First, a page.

IBM reported revenue of $104.5 billion for 2012, which was down from $106.9 billion in 2011. Net income was $16.6 billion, or $14.37 per share, up from $15.9 billion a year earlier. The earnings-per-share figure is up 10% from 2011, marking the tenth consecutive year that IBM has increased its full-year earnings by 10% or more.
Ginni Rometty, Chairman, President and CEO, IBM, attributed the financial buoyancy to various growth initiatives, including efforts in analytics, cloud computing and Smarter Planet systems, along with a strong emphasis on growing markets.
Full-year revenue from “cloud operations” increased by 80%, IBM said, while Smarter Planet system revenue increased by 25%. And business in growth markets – such as India and China – increased by 4% year over year. IBM did not give precise figures in its press release for the cloud and Smarter Planet sales.
Revenue for the Americas totalled $44.6 billion for the year, a decrease of 1% compared to 2011. Revenue from Europe, the Middle East and Africa shrank 6% to $31.8 billion, while Asia-Pacific revenue increased 3% to $25.9 billion.
By sector, IBM’s services and hardware businesses shrank while software sales grew, the report said.
Services brought in $58.8 billion in 2012, a decrease of 2% from a year earlier. The Global Technology Services division generated $40.2 billion in revenue, a decrease of 2%, while Global Business Services tallied $18.6 billion for the year, down 4%.
IBM generated $25.4 billion in software revenue for 2012, an increase of 2%, while the company’s hardware arm, Systems and Technology, generated $17.7 billion, a decrease of 7%. The financing arm of IBM generated revenue of $2 billion, a decrease of 4% from a year earlier.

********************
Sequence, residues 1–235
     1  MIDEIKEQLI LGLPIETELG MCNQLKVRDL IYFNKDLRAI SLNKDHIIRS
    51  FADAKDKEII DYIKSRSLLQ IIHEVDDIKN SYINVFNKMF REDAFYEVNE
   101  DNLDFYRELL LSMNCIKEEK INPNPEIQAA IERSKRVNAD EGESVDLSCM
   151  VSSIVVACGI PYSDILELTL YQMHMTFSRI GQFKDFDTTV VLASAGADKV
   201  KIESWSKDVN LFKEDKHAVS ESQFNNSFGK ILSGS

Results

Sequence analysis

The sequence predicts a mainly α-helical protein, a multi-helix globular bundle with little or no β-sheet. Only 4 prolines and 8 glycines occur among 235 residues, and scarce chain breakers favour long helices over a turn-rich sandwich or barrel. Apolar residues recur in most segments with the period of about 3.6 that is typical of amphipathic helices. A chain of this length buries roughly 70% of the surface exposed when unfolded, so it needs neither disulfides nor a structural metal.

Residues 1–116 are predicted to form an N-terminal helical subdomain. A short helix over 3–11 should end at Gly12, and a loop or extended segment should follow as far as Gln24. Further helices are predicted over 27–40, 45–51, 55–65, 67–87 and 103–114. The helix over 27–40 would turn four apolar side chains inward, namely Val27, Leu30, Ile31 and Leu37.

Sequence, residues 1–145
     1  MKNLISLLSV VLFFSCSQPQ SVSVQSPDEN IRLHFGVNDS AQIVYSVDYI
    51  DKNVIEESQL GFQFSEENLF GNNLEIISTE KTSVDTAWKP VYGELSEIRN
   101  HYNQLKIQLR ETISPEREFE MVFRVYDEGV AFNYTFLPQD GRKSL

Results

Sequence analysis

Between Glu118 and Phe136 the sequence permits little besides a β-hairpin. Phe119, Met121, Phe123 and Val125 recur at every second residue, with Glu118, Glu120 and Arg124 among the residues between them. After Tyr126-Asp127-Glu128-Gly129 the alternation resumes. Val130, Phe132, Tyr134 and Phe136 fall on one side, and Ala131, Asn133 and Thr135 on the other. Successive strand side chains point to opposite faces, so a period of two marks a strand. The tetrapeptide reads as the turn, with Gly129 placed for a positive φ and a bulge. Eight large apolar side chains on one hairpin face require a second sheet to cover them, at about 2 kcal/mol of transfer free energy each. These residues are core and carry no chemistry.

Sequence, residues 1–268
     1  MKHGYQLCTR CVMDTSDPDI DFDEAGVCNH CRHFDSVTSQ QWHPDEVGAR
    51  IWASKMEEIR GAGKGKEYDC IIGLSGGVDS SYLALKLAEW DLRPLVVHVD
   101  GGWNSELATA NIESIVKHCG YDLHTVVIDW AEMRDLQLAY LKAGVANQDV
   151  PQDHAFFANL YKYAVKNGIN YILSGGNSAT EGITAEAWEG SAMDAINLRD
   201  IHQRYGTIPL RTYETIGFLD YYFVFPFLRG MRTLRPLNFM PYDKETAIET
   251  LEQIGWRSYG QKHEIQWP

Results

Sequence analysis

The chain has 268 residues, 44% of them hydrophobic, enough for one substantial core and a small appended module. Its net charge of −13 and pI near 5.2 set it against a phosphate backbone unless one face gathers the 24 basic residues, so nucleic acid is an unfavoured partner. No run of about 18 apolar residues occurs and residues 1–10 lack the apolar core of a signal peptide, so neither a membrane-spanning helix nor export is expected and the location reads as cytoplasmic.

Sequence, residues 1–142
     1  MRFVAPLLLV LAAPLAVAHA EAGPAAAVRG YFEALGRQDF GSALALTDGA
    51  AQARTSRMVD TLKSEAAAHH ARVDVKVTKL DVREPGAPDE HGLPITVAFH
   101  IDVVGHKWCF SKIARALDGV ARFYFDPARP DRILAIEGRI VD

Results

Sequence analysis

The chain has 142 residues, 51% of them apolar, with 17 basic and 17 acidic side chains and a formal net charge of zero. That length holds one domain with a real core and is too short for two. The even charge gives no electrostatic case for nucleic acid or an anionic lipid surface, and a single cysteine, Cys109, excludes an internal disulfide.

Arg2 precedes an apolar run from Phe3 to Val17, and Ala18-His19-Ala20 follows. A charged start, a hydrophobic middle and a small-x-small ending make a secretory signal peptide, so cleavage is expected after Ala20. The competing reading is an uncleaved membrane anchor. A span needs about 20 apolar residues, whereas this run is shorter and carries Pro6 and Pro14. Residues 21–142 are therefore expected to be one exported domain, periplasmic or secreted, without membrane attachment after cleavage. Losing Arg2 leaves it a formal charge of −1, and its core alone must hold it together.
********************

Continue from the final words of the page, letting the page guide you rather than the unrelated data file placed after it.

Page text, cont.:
Looking at the fourth quarter, revenue was $29.3 billion, down 1% from a year earlier. Net income was $5.8 billion, up 6% from the fourth quarter of 2011. Earnings per share climbed 11% to $5.13.
In a conference call with analysts, Mark Loughridge, CFO, IBM, made the case that hardware sales have been more robust than they initially appear on the balance sheet. IBM sold its Retail Store Solutions (RSS) division to Toshiba, reducing hardware sales compared to last year. So while Systems and Technology revenue was down slightly in the last quarter, sales would have increased by 4% if RSS was factored out.
One bright spot for hardware has been a burst in sales for IBM’s new System Z mainframes, up 56% in the first full quarter since the launch of the EC12 mainframe in August. The company has also sold 2,300 PureSystems in more than 70 countries since its launch last April.
Revenue from IBM Power servers, on the other hand, decreased 19% compared to the same quarter a year ago.
Software also had some high points despite the modest increase in software revenue overall, Loughridge said. Revenue from IBM WebSphere grew 11% in the last quarter, and the Rational line of modelling products grew by 12% from the same period a year earlier.